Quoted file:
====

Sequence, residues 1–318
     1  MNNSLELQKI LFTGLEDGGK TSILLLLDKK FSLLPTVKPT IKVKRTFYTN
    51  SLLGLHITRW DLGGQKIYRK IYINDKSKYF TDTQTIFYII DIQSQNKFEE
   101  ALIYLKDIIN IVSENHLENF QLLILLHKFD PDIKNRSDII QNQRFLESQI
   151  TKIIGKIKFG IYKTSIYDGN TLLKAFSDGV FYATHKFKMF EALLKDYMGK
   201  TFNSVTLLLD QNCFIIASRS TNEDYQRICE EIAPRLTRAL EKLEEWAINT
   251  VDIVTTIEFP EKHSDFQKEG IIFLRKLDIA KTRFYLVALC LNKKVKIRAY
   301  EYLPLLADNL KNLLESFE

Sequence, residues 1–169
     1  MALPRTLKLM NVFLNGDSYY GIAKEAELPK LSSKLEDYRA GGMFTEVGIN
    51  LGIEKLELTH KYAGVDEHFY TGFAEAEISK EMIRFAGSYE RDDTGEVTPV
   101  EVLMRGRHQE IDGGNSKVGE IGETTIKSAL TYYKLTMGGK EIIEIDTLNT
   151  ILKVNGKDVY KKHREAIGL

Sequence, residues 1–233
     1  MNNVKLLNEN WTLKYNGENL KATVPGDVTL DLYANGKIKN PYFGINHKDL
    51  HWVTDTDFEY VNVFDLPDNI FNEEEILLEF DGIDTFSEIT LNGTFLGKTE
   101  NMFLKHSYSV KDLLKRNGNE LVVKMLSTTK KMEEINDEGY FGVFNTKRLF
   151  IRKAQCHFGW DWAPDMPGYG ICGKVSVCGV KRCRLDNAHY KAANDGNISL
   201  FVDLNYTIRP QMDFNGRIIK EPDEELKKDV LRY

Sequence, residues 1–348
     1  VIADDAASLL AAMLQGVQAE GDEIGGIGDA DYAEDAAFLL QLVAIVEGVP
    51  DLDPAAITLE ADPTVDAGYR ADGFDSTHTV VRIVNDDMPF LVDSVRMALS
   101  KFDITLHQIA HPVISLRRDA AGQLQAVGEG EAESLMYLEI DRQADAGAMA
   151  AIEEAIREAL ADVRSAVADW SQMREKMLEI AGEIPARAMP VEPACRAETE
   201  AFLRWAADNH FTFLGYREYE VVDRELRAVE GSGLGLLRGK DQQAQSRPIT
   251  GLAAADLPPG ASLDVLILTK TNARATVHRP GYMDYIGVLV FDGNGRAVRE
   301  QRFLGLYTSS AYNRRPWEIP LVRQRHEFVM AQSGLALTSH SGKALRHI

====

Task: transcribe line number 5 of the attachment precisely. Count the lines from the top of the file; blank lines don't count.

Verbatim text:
   151  TKIIGKIKFG IYKTSIYDGN TLLKAFSDGV FYATHKFKMF EALLKDYMGK